Premature Baby Kept Alive In An Ice Box

An Indian couple who could not afford hospital care for their premature baby kept him alive in a homemade incubator made out of a polystyrene ice box.

Aruna Chauhan, 34, gave birth to Mithilesh a month before he was due last October. The little boy, who weighed just 3lb 3oz, was quickly rushed to the Intensive Care Unit at Mumbai's Alliance Hospital.

However, the cost of ICU care was 8,000 rupees (£80) per day - nearly a whole month's wages for the couple. Family and friends chipped in to help, but after 20 days, they had no choice but to withdraw Mithilesh from the hospital.


With the waiting list for incubators at the city's free hospitals hopelessly long, the situation seemed dire - but a sympathetic doctor had an idea for a last-ditch attempt to treat their baby.


He suggested that Ramesh, the baby's father, rig up an improvised incubator at home by buying a styrofoam ice box from the market and fitting it with a 60w light bulb.

"The doctor advised it was better than nothing and might save our baby," Aruna told a local newspaper. "My husband bought the box from a nearby fish market and cut holes in it."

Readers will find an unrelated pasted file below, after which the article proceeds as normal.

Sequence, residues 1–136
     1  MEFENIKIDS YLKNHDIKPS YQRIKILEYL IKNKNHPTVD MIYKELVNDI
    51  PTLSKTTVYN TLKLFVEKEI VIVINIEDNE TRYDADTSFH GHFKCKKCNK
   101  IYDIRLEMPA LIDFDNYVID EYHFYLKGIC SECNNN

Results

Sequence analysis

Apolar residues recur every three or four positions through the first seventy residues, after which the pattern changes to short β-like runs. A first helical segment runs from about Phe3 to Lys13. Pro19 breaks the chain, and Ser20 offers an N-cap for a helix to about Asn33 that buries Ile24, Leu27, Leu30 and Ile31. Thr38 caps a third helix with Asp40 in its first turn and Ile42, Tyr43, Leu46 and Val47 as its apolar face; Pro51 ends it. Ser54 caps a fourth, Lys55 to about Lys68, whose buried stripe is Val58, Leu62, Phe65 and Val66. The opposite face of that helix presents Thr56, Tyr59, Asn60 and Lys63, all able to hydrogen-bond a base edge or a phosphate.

Since then, the couple have kept their baby in the ice box, taking his temperature every two hours. Amazingly, the little boy is now five months old. Yet he remains undersized and has suffered from infections and illness during his time in the ice box.

There is, however, a happy ending to the story. After the story made the local papers, nearby Parel hospital reached out to the Chauhan family and offered to treat baby Mithilesh free of charge. The little boy is still severely underweight, but doctors predict he will be back home and healthy in three weeks.

Dad Ramesh expressed his gratitude for the generous response to his family's plight. "Three years ago we arrived in Mumbai from Gujarat and we were warned this was a tough and heartless city," he told the local press.

"I want to tell those people that Mumbai has adopted my ailing son. Nowhere in the world can one find so much affection."